Baseline protest group calls for assessment review after DfE U-turn

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The Better Without Baseline Coalition is calling for a review of assessment and accountability for the early years following the scrapping of Baseline as a progress measure.

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The Coalition, including many early years organisations and teaching unions, hailed the Government's U-turn last week on Baseline as a victory, and has issued an open letter offering to work with the DfE 'to develop more carefully thought-through approaches that have the best interests of the child at their heart'.

The DfE decided to abandon the Baseline for school accountability measures, after research concluded that the three assessments used by schools are not comparable. Schools will have the option to use the baseline in the 2016-17 academic year, as part of their ‘on-entry assessment’ for children starting school, and will be funded by the department to do so, however.

The Better without Baseline Coalition is among various groups and individuals who have worked to oppose the introduction of the baseline assessment for the past year.

The DfE said that it would be considering options for improving assessment arrangements in reception beyond 2016 to 2017 and would make an announcement in due course.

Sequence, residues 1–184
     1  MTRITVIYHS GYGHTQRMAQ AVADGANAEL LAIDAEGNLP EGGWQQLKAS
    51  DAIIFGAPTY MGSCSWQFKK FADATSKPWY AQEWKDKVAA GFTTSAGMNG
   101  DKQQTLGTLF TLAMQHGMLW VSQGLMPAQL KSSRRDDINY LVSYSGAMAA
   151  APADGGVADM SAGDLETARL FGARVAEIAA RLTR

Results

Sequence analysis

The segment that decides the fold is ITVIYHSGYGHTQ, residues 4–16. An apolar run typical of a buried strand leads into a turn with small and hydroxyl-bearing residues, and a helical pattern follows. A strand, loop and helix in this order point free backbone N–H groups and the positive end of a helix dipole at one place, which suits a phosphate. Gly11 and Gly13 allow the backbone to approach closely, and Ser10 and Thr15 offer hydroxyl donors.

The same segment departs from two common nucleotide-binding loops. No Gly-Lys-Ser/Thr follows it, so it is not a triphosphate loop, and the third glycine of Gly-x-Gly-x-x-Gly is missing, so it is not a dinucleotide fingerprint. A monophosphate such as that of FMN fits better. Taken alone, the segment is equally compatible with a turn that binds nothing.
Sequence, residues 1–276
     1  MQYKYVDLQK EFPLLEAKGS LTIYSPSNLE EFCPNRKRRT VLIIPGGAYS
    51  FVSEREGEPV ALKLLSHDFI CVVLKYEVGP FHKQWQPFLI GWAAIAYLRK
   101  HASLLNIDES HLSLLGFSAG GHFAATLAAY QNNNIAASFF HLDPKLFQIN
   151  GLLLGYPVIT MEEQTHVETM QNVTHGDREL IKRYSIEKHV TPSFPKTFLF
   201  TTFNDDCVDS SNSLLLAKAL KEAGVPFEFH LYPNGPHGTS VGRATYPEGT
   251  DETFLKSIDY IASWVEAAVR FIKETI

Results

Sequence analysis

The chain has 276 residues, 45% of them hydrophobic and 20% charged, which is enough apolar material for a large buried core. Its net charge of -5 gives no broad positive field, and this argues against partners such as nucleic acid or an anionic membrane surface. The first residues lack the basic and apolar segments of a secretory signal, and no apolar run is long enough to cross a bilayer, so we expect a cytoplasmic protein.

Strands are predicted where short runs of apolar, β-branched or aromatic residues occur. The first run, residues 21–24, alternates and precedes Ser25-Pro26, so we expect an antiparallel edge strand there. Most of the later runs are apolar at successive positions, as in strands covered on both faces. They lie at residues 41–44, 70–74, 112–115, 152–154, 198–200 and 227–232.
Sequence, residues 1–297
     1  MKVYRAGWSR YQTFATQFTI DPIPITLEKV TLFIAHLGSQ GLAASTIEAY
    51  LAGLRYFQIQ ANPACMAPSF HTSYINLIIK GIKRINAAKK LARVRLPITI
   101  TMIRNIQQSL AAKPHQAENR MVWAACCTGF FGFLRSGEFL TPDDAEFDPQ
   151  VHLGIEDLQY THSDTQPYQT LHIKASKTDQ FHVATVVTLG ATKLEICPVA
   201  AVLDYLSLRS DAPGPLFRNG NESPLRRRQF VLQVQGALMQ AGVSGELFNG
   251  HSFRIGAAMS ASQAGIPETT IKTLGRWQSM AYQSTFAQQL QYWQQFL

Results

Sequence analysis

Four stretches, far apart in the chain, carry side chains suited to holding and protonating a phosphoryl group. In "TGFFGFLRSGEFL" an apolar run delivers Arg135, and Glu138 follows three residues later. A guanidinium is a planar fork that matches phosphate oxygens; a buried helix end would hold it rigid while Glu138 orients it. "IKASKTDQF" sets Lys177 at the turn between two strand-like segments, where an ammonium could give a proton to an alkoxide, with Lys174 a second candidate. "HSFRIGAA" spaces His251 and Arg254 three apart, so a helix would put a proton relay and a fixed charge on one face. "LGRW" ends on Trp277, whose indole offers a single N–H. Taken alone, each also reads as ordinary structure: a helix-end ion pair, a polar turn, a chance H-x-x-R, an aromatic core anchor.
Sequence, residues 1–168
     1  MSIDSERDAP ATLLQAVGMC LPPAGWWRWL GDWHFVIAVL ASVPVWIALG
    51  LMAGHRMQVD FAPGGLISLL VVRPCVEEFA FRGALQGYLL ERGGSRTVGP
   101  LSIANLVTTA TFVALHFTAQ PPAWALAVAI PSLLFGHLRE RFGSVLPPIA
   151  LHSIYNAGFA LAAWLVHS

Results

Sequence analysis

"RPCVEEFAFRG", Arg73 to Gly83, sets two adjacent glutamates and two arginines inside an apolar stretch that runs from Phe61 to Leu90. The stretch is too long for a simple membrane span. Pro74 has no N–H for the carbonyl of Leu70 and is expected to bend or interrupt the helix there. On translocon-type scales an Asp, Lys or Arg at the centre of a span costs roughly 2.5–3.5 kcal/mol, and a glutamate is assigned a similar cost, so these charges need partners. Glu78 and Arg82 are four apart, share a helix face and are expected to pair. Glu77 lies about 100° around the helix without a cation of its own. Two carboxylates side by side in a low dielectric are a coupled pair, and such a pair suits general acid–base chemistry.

The Coalition is arguing that the 'more holistic' Early Years Foundation Stage Profile should be retained. The Profile is due to be non-statutory after this year, and the Coalition's letter says, 'The EYFSP remains a widely respected, meaningful and practical assessment, and should be retained at least until a clear, principled and effective improvement can be introduced.'

It questions whether an accountability measure should be inserted into Reception year 'when large numbers of children will already have been receiving EYFS education in school from age two or three'.

The Coalition said it was concerned that the DfE had made this decision through a preoccupation with data comparability, rather than child development and wellbeing. It claimed that the DfE had persistently ignored the evidence that commercial baseline schemes represent:

  • a waste of public money in a time of austerity
  • a waste of teachers’ valuable time
  • disruption to the settling-in period in the reception year
  • potential damage by attaching simplistic labels to children
  • a narrowed curriculum focus with potential negative effects on children’s early experiences and on parental involvement and confidence
  • an inability to provide an accurate or useful picture of children’s current development or to predict their future attainment

Wendy Ellyatt, Chief Executive of the Save Childhood Movement and part of the Coalition, said, 'We welcome the government announcement, but are concerned that lessons should be learned when considering the way forward. It is unfortunate that in cancelling the baseline scheme the DfE emphasis has been on the lack of data comparability, rather than the impact on child wellbeing. We also think serious questions should be asked about how much this has cost in terms of time and money, let alone the impact on schools and teachers, when all the evidence and expert advice suggested that it was the wrong thing to do.'

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